The growth of poliomyelitis virus, Type 2, Yale-SK strain, in cultures of monkey testicular tissue was observed to occur in discrete cycles. Growth curves showed that each cycle was composed of (a) an initial lag phase when little or no virus was released from the cells, (6) a phase of viral production, and (c) a plateau which represented a decrement in the rate of viral production. This pattern of viral multiplication occurred in monkey testicular tissue cultures which have as the liquid phase either ox serum ultrafiltrate or monkey serum-chicken embryonic extract medium. The presence of a solid medium composed of chicken plasma, clotted either with chicken embryonic extract or bovine thrombin, did not alter the pattern of viral multiplication. The shape of the growth curve as established by any of four different techniques for tissue cultivation, was shown to be independent of the cultural technique employed.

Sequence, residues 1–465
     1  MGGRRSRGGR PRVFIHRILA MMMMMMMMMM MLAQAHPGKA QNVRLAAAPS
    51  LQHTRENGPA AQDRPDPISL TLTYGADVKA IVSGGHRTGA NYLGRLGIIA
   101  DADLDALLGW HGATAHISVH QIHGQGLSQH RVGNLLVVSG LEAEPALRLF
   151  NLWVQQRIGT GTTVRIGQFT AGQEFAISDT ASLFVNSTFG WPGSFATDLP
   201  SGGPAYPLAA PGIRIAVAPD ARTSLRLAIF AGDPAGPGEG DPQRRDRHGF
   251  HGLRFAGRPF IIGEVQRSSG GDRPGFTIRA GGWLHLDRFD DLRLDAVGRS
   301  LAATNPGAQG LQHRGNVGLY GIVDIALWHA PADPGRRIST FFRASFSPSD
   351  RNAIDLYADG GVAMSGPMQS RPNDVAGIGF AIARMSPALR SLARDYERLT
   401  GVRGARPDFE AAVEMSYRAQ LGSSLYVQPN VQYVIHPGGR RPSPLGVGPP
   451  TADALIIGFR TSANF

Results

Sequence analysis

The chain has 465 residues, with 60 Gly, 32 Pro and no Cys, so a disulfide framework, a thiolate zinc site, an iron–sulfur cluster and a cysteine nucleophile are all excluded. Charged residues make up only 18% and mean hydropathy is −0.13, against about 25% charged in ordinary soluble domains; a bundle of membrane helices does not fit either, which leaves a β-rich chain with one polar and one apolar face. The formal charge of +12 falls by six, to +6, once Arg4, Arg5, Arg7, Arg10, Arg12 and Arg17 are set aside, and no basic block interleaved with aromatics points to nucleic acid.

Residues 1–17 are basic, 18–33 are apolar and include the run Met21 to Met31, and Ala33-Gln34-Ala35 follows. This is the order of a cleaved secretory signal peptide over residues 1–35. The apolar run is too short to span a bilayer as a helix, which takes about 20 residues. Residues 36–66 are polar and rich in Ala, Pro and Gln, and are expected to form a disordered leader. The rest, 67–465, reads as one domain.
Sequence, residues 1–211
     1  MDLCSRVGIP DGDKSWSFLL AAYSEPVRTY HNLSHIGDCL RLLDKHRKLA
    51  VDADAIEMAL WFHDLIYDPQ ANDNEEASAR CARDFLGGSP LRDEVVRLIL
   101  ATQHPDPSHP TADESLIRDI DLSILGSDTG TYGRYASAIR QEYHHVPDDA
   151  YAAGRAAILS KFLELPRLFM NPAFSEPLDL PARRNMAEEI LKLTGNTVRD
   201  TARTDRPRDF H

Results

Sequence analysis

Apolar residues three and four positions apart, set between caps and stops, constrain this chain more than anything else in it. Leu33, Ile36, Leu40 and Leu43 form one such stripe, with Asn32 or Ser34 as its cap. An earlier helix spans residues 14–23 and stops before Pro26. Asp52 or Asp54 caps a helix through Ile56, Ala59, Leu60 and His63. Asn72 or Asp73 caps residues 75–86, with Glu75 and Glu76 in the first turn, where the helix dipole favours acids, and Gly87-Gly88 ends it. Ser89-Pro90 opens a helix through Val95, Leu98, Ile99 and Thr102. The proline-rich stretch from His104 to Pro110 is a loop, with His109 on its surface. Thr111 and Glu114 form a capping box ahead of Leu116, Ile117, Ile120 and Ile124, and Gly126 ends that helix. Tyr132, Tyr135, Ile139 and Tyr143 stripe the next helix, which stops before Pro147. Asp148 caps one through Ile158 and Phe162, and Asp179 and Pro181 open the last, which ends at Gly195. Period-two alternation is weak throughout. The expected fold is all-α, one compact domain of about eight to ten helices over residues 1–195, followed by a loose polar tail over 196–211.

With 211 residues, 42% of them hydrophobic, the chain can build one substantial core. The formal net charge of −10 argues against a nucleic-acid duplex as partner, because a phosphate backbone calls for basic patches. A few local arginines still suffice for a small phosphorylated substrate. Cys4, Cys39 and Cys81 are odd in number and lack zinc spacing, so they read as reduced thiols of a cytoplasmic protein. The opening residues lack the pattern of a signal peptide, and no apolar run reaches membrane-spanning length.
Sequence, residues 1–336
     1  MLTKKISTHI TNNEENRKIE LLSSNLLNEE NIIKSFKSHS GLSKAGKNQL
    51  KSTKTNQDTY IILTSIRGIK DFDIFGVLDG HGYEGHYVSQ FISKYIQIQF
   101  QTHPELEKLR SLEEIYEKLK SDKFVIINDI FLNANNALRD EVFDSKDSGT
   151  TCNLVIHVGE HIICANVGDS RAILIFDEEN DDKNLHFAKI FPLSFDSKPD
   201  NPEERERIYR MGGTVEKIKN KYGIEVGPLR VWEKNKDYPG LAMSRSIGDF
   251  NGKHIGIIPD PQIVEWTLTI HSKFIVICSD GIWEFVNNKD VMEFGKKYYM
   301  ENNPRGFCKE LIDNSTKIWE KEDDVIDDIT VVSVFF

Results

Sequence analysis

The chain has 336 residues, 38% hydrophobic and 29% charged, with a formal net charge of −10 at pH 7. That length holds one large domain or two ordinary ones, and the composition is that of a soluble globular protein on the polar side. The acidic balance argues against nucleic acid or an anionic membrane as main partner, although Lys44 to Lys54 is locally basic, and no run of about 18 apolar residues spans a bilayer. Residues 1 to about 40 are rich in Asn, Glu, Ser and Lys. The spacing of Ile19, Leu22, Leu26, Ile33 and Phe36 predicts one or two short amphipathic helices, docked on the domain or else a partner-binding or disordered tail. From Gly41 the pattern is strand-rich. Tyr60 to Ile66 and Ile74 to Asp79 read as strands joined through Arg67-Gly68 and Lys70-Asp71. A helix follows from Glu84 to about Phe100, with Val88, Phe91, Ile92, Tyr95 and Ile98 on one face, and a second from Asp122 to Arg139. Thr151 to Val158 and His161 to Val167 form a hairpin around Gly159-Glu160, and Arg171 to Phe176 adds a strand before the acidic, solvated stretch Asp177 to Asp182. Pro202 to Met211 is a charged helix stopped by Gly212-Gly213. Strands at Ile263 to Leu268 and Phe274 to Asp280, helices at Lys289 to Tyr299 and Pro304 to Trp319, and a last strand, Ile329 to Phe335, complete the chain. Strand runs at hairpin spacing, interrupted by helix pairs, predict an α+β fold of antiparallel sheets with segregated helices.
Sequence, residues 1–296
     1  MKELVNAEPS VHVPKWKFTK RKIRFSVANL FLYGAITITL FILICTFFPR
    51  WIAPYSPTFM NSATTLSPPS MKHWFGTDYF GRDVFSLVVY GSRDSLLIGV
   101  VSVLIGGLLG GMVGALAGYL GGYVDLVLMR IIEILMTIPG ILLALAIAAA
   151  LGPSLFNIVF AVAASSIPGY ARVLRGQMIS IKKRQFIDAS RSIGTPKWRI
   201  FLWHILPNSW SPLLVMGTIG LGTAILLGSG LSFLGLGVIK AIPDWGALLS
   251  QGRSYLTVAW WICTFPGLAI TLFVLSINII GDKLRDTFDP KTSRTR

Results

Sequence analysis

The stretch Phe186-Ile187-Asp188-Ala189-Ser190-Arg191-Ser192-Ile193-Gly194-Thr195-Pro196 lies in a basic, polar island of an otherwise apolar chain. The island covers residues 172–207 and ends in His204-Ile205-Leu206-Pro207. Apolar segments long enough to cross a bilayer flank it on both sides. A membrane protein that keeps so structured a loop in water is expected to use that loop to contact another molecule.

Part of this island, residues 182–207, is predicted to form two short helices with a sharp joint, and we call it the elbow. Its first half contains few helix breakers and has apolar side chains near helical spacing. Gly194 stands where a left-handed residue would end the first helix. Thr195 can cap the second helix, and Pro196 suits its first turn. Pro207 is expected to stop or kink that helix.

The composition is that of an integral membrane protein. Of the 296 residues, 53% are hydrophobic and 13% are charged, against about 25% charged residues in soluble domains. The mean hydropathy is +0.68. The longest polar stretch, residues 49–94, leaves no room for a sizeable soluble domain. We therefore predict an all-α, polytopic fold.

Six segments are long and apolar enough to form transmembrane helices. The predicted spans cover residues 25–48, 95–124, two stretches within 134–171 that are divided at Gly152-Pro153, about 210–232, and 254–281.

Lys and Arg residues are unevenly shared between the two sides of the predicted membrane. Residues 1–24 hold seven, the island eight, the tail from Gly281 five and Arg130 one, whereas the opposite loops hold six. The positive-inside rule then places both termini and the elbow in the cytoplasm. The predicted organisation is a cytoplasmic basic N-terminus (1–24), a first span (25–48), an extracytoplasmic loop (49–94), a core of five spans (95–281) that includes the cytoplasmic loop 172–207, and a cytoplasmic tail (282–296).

For cultures of monkey testicular tissue, the amount of virus in the tissue was as much as tenfold greater than that in the liquid of the same cultures. Moreover, viral production was evident earlier and was detectable for a longer period of time in the tissue than in the liquid phase.
The rapidly incremental phase of the growth cycle, when large quantities of virus were released into the liquid phase, coincided in time with the destruction of the spindle-shaped cells, which extended from the explants. Although destruction of outgrowth cells was marked, there remained cells within the explants capable of supporting the growth of poliomyelitis virus.